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Energies 2017, 10(12), 2100; doi:10.3390/en10122100

A Case Study of Surface Borehole Wall Dislocation Induced by Top-Coal Longwall Mining

1
IoT Perception Mine Research Center, China University of Mining and Technology, Xuzhou 221008, China
2
The National and Local Joint Engineering Laboratory of Internet Application Technology on Mine, Xuzhou 221008, China
3
State Key Laboratory of Coal Resources and Safe Mining, China University of Mining and Technology, Xuzhou 221116, China
4
Department of Civil Engineering, Faculty of Engineering, University of Nottingham, University Park, Nottingham NG7 2RD, UK
*
Author to whom correspondence should be addressed.
Received: 16 November 2017 / Revised: 4 December 2017 / Accepted: 6 December 2017 / Published: 11 December 2017
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Abstract

Underground coal extraction causes failure and movement of overlying strata, which could also result in the dislocation of vertical surface boreholes. Investigating the correlation between the dislocation of surface boreholes and the broken of overlying strata is of great significance in deducing the mining-induced dynamic movement of overlying strata, which cannot be seen inside the ‘black box’. Field measurement, laboratory experiment and theoretical analysis were employed to study the mechanism of the mining-induced dislocation of surface boreholes, and its relationship with the movement of overlying strata. Due to different deflection angles of adjacent strata, the horizontal movement of strata varies, and this contributes primarily to the dislocation of borehole wall. As the development of strata movement from the mining level towards surface, the position of borehole dislocation also occurred upwards, and the highest borehole dislocation occurred at the same position of overlying Key Stratum (KS). In other words, when a KS breaks, borehole dislocation will occur and develop from the bottom of this KS until the bottom of an upper KS. These key findings can provide a theoretical basis for deducing the mining-induced movement of overlying strata, determining the KS position and assessing the water conductivity of broken strata. View Full-Text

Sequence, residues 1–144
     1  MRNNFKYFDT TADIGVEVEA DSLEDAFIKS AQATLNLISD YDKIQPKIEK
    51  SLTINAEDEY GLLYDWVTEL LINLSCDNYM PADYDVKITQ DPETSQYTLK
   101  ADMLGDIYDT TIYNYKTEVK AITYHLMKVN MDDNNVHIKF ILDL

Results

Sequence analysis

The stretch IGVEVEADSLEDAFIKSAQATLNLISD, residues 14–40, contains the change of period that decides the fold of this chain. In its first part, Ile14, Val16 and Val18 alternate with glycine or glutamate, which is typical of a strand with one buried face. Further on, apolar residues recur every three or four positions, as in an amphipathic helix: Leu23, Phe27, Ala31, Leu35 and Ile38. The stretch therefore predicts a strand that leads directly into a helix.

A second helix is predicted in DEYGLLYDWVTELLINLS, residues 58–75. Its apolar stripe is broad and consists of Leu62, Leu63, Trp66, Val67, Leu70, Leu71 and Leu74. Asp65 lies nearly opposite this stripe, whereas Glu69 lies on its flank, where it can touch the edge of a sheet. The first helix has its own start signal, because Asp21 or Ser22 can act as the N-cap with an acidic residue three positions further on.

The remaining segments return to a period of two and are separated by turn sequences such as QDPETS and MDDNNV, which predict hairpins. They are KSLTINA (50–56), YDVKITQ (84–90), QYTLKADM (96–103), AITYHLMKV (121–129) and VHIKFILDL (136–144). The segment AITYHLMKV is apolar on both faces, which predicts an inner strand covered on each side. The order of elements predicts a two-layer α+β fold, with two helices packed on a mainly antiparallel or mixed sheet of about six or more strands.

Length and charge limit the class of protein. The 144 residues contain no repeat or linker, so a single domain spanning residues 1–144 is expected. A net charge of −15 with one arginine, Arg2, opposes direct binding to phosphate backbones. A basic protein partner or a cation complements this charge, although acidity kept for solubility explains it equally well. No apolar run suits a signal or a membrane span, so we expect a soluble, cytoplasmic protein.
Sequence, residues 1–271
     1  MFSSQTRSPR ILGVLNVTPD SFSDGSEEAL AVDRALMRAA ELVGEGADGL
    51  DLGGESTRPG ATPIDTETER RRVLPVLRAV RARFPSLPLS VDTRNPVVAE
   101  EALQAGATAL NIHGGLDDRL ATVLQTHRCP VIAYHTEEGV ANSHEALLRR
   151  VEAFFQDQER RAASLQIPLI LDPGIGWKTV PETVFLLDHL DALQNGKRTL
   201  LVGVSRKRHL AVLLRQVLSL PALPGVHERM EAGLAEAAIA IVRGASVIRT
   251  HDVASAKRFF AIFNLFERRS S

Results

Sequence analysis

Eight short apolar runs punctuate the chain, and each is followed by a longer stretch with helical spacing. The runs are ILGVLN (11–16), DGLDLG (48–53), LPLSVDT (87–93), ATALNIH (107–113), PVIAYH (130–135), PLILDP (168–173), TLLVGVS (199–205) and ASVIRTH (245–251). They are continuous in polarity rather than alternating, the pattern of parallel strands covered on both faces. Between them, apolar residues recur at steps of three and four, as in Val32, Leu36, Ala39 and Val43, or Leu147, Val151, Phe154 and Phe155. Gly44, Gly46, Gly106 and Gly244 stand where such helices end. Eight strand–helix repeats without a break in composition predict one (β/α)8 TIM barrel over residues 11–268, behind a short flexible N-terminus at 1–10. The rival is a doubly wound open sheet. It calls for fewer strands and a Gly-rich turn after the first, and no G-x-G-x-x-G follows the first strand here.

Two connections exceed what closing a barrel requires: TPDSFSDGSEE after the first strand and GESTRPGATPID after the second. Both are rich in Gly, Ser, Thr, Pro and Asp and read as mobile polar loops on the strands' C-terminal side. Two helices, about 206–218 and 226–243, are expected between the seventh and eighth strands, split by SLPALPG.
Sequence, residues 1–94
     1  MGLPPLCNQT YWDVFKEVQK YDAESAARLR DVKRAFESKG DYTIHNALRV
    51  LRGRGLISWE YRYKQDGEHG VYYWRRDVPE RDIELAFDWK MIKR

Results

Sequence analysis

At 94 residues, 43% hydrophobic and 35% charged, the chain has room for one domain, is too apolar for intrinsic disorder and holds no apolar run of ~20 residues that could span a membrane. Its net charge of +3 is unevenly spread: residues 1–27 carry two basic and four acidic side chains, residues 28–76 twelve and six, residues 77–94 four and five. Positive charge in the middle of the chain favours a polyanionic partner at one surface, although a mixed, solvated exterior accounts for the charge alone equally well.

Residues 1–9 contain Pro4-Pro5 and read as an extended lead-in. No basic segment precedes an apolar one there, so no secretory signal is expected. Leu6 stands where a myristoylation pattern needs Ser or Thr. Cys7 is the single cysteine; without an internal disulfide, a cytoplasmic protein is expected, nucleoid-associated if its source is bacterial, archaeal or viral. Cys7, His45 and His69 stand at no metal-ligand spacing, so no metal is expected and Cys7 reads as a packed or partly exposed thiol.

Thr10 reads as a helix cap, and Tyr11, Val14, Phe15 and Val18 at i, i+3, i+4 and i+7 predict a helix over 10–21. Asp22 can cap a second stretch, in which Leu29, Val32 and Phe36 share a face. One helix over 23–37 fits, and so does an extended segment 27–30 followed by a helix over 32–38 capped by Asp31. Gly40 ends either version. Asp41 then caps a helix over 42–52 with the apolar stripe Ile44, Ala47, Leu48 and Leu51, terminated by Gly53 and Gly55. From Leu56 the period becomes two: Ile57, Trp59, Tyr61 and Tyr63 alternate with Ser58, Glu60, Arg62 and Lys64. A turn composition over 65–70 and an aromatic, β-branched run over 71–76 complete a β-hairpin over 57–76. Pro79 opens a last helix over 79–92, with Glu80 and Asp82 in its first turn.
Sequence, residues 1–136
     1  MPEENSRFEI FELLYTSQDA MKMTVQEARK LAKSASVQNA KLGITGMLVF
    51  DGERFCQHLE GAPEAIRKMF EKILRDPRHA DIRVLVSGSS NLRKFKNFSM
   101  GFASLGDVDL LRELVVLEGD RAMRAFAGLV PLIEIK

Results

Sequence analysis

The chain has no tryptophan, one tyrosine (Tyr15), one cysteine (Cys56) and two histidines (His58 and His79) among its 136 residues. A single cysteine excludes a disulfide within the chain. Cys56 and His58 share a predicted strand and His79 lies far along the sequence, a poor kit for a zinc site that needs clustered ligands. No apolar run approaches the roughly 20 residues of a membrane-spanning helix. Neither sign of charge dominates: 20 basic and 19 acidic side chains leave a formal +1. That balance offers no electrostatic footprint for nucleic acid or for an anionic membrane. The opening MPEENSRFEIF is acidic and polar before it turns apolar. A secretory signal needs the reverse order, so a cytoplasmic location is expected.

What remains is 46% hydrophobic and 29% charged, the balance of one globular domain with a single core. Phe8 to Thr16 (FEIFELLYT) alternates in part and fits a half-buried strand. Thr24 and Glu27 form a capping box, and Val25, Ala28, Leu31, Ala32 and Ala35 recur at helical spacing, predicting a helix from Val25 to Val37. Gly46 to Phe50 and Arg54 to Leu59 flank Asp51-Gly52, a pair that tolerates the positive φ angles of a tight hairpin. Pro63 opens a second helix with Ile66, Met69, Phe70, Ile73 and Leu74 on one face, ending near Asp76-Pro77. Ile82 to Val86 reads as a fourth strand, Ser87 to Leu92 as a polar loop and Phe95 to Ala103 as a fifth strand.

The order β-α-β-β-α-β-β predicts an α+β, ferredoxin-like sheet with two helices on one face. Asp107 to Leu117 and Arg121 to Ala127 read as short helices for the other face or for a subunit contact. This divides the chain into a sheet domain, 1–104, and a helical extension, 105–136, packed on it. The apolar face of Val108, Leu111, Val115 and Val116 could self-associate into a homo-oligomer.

Keywords: surface borehole dislocation; strata movement; key stratum (KS); coal mining surface borehole dislocation; strata movement; key stratum (KS); coal mining
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Ju, J.; Xu, J.; Xu, J. A Case Study of Surface Borehole Wall Dislocation Induced by Top-Coal Longwall Mining. Energies 2017, 10, 2100.

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